Our message at church today touched on the idea of false faith. There are many people who had an experience as a child where they heard the gospel message, maybe went forward for an altar call, and had professed with their lips that they wanted to accept Christ as their Savior. However, there was no change in their life after these “professions”. Later in their life when they truly understood their need for a Savior and made a true profession, they knew that they were in possession of a saving faith because of how their lives began to change through the work of the Holy Spirit.

So the big question isn’t whether salvation can be secure, because it mostly certainly can be. The question is, do you have a saving faith? As Paul said, “Examine yourselves, to see whether you are in the faith. Test yourselves. Or do you not realize this about yourselves, that Jesus Christ is in you? --unless indeed you fail to meet the test!” (2 Cor 13:5).

(For details on the 11 tests, please see MacArthur’s transcripts linked in Part 1)

Monday, October 16, 2006

The Assurance of Salvation, Part 2

Before looking at the second question from The Assurance of Salvation, Part I (“can I feel secure”), I would like to just post a few more verses that support the idea that salvation is secure.

This particular topic has come at me from a couple of different directions this week, you know how God does that sometimes?

The Assurance of Faith:

Now faith is the assurance of things hoped for, the conviction of things not seen. Heb 11:1

let us draw near with a true heart in full assurance of faith, with our hearts sprinkled clean from an evil conscience and our bodies washed with pure water. Let us hold fast the confession of our hope without wavering, for he who promised is faithful. Heb 10:22-23

I write these things to you who believe in the name of the Son of God that you may know that you have eternal life. 1 John 5:13

which is why I suffer as I do. But I am not ashamed, for I know whom I have believed, and I am convinced that he is able to guard until that Day what has been entrusted to me. 2 Tim 1:12

Sealed with the Holy Spirit:

In him we were also chosen, having been predestined according to the plan of him who works out everything in conformity with the purpose of his will, in order that we, who were the first to hope in Christ, might be for the praise of his glory. And you also were included in Christ when you heard the word of truth, the gospel of your salvation. Having believed, you were marked in him with a seal, the promised Holy Spirit, who is a deposit guaranteeing our inheritance until the redemption of those who are God's possession—to the praise of his glory. Eph 1:11-14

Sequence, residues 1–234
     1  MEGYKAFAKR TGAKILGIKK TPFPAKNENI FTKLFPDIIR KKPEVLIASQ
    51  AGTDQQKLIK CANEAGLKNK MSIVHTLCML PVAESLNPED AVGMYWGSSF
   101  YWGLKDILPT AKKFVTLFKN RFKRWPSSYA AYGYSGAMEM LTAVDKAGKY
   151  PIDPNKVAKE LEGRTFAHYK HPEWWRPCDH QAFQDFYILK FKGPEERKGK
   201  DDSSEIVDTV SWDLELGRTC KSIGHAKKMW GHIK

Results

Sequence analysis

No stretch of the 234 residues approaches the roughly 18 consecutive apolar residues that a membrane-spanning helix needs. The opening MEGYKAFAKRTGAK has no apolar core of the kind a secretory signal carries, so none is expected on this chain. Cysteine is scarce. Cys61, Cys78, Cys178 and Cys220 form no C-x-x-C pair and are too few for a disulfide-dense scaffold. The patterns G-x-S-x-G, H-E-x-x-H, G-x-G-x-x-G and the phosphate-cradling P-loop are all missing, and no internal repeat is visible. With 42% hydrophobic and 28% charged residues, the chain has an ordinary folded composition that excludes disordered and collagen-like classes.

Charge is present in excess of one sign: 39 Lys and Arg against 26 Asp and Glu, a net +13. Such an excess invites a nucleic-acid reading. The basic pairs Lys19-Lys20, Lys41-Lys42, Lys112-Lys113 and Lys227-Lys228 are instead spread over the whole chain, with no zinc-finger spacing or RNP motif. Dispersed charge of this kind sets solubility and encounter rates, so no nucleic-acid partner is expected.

Now it is God who makes both us and you stand firm in Christ. He anointed us, set his seal of ownership on us, and put his Spirit in our hearts as a deposit, guaranteeing what is to come. 2 Cor 1:21-22

And do not grieve the Holy Spirit of God, with whom you were sealed for the day of redemption. Eph 4:30

An Inheritance:

But when the kindness and love of God our Savior appeared, he saved us, not because of righteous things we had done, but because of his mercy. He saved us through the washing of rebirth and renewal by the Holy Spirit, whom he poured out on us generously through Jesus Christ our Savior, so that, having been justified by his grace, we might become heirs having the hope of eternal life. Titus 3:4-7

to an inheritance that is imperishable, undefiled, and unfading, kept in heaven for you, who by God's power are being guarded through faith for a salvation ready to be revealed in the last time. 1 Pet 1:4-5

God Will Persevere:

All that the Father gives me will come to me, and whoever comes to me I will never cast out. John 6:37

For by a single offering he has perfected for all time those who are being sanctified. Heb 10:14

Consequently, he is able to save to the uttermost those who draw near to God through him, since he always lives to make intercession for them. Hebrews 7:25

Now to him who is able to keep you from stumbling and to present you blameless before the presence of his glory with great joy, Jude 1:24

And I am sure of this, that he who began a good work in you will bring it to completion at the day of Jesus Christ. Phil 1:6

Sunday, October 15, 2006

The Assurance of Salvation, Part 1

Can anyone be assured of their salvation? In other words, if I were to die tonight, can I be sure that I will be going to heaven?

I am going to use some more sermon transcripts from MacArthur which do a wonderful job of discussing the assurance of salvation. The transcripts I have are three parts of a larger series and specifically deal with the how a believer can be assured that they have the true saving faith which results in salvation.